Wednesday, December 21, 2016

DSU Times Two

I did it again. I pulled off another double dip. Tuesday morning, I packed my truck with clothes, towels, swimming gear, and snacks then headed for DSU, the home of the Fighting Okra. I arrived a little late for the 12:00 to 2:00 opening and got into the water around 12:20. I started with a straight swim because I wanted to work those aerobic enzymes. Besides, Masters practice is always filled with fast 50s. This swim came on the heals of a big back yard weight session on Monday, so muscles were sore and tight. I like it like that, and I seem to swim well the day after lifting hard. Go figure.

My initial set was 3,600 meters straight in 1:10:03 (1:56). My usual pace for this type of swim is around 2:02 or slower even. I was helped by having other people in the pool, one guy near my speed. Every time we passed-- he going one way and I the other-- I marked the spot and then tried to see if I could add some distance between us when we passed again. This helped me push it a little harder than I would have if I had been alone.

My second and only other set was 800 with small paddles. Although there was still some time left, I tapped out after the paddle set knowing I would be swimming again. Total: 4,400 meters. For lunch, I had a protein shake and a sweet potato which I ate whole, skin and all. It is time to declare war on the belly. 

After swimming, I went to see Smu and the grandchildren. I left with hugs, a jug of candy corn, and a big box of Oatmeal Raisin Cookies. My son-in-law has a cookie route. Did I mention I've declared war on the belly? War is hell.

At Masters, I swam

1,300
8 X 150 small paddles, breathing 5, 7, 9 by 50s 
200 cool down
total: 2,800 meters = 7,200 for the day.

After the night swim, I had another whey protein shake, another sweet potato and an apple. I made it all the way back to Greenwood without touching the candy corn. Don't say you don't believe in miracles.

Now for a word about breathing sets. I hate them. A lot. I hate them a whole lot. One of the reasons for having a coach is they make you do things you would not do on your own, and normally I follow instructions without complaint. I complained last night.

There are several reason given for doing breathing patterns. One reason is that it teaches your body to perform in oxygen dept. I have read a lot, and the science allegedly does not back up that reason. I say "allegedly" because I have not read the primary studies but have only read synopses done by other people. I take their word for it but understand they may be wrong. It is like those training masks that some MMA fighters use. The theory is that by restricting airflow, your muscles are forced to work harder in the absence of enough oxygen. That is logical and appealing to my mind. But from what I have read, the science doesn't back up the benefits of those training masks either. Still I am tempted to purchase one.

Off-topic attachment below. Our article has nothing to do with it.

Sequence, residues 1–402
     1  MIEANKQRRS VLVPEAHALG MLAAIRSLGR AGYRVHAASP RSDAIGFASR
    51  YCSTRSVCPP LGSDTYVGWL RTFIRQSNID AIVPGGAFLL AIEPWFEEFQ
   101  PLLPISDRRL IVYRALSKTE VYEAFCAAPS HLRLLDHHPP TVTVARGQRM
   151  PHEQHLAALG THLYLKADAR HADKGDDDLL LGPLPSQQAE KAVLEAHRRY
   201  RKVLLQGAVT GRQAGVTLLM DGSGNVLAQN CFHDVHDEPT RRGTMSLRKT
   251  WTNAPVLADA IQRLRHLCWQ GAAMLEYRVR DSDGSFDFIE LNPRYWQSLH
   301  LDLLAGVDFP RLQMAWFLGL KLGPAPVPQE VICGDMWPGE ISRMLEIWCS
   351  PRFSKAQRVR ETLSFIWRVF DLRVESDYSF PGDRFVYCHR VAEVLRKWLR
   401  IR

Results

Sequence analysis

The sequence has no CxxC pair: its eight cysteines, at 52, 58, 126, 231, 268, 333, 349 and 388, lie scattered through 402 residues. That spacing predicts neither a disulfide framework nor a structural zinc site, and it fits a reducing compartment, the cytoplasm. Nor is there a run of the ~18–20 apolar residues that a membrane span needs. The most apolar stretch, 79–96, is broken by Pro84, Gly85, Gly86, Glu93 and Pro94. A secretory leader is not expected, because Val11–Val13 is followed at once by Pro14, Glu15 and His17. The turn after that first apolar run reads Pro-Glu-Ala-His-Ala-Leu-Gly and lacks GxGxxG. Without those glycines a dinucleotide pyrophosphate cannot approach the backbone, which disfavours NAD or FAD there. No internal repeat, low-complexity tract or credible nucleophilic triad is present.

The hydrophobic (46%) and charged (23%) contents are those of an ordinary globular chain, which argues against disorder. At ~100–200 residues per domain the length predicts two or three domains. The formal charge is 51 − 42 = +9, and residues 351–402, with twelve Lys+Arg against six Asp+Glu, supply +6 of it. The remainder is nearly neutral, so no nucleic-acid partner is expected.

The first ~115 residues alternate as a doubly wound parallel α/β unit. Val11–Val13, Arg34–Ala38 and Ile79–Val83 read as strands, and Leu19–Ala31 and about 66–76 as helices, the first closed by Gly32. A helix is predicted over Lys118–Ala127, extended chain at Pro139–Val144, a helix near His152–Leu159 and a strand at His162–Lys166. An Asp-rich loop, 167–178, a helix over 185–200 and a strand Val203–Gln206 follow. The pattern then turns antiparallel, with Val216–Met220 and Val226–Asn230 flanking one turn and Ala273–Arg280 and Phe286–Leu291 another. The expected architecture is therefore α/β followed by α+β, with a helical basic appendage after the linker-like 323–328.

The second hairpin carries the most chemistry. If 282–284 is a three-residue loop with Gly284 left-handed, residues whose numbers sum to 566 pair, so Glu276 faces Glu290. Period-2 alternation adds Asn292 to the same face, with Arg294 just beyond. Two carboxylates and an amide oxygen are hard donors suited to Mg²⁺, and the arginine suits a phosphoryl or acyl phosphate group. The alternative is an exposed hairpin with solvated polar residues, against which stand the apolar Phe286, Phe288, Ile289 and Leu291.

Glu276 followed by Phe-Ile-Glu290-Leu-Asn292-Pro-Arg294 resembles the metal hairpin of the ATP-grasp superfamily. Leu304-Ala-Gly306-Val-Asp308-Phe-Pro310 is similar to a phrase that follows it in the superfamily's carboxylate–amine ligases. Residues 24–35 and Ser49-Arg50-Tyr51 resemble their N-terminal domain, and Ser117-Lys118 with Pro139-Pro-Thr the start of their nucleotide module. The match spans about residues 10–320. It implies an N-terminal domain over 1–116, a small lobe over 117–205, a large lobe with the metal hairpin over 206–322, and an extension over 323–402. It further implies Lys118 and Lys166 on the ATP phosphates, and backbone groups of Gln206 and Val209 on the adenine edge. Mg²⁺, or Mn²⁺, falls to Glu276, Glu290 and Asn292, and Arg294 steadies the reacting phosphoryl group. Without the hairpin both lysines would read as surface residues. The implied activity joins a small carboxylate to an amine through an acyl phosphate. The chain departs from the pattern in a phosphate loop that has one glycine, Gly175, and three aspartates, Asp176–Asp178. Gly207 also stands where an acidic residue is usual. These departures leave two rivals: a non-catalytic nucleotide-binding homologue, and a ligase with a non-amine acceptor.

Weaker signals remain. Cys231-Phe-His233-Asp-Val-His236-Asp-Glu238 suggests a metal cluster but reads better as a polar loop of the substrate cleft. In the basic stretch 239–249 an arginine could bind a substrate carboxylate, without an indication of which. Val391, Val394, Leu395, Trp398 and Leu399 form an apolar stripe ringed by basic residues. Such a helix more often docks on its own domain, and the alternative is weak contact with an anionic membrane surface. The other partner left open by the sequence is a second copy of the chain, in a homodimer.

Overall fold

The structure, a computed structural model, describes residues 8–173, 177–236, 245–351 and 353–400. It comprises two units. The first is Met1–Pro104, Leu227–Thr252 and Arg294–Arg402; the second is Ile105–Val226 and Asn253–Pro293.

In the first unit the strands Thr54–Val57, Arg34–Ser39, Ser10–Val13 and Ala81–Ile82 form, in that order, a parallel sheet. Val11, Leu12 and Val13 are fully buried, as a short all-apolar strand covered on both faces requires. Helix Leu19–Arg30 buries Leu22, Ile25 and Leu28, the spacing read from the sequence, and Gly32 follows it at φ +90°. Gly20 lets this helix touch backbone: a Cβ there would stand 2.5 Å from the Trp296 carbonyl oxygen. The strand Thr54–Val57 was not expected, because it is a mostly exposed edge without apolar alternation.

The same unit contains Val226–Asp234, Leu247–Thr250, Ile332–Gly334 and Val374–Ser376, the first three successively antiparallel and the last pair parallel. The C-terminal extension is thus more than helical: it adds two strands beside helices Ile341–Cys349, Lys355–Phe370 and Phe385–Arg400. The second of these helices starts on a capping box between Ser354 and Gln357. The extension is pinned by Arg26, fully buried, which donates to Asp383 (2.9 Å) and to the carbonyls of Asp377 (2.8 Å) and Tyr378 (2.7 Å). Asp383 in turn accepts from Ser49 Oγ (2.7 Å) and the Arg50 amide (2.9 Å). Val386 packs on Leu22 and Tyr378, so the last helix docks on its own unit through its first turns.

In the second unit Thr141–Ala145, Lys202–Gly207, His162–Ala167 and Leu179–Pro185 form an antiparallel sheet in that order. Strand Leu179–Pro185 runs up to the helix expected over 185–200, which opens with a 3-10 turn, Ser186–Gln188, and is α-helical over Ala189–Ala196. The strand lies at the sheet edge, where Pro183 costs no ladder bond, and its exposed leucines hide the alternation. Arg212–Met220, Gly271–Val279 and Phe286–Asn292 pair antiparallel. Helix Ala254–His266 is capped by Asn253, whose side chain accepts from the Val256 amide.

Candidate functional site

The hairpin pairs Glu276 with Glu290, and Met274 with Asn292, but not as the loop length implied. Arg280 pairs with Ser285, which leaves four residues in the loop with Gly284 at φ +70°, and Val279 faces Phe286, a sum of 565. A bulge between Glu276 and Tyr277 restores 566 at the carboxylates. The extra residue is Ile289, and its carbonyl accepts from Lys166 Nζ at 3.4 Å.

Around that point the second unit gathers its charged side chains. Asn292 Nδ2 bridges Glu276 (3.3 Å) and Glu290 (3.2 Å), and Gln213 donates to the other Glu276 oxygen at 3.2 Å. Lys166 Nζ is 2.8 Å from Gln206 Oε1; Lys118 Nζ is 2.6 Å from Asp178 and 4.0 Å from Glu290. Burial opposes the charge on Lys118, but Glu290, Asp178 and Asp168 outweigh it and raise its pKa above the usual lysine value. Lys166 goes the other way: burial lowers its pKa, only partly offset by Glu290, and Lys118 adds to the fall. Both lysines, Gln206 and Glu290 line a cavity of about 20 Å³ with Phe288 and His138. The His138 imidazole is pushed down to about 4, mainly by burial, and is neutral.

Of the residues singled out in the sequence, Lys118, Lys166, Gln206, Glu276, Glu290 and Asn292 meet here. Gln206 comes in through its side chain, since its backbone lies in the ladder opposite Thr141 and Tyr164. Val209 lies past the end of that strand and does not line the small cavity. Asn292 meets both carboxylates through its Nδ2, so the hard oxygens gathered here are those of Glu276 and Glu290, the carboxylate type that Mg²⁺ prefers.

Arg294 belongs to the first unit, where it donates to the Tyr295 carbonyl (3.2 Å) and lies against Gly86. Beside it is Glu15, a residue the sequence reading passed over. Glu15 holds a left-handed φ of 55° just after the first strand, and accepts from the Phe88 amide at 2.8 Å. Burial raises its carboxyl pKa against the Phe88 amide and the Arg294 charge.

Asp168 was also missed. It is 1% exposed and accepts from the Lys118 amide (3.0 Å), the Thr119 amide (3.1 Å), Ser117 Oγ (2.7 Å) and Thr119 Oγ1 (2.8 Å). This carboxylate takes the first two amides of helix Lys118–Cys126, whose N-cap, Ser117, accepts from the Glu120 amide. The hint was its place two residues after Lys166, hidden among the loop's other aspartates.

Another reason given for breathing sets is it helps you focus on your stroke. That also is logical and although I know of no studies on that, I am confident that none are needed. My problem with breathing sets is they hurt and they are potentially dangerous. Let's look at my first problem: they hurt. Most people don't like pain and I fall in with most people on that one. But remember, one reason for having a coach is he or she makes you do what you would not do on your own. I don't mind some pain if there is a good purpose behind it, i.e., a payoff. For example, hard 400s hurt, but there is a big payoff; they really boost your fitness and they do it fast. I question, however, if there is any balance between benefit and pain on these breathing sets.

As far as danger goes, it is real, and I have experienced it. Once, I almost blacked out after a flip turn doing a nine breath pattern. I am not exaggerating, and it scared the holy doo doo out of me. That's when I began to cheat on these sets. I take two breaths coming off the wall on seven and up patterns, and on nine patterns I take two breaths after each nine. It goes like this: nine strokes, breathe breathe, nine strokes, breathe breathe. It is still difficult but I never get into trouble. If I were to black out and sink to the bottom, I could be down there a couple of minutes before anyone noticed. That is long enough to die. It ain't worth it. Not now, not never, and I don't mean ever.

Well that is my rant for the day. I hope you enjoyed it. I did.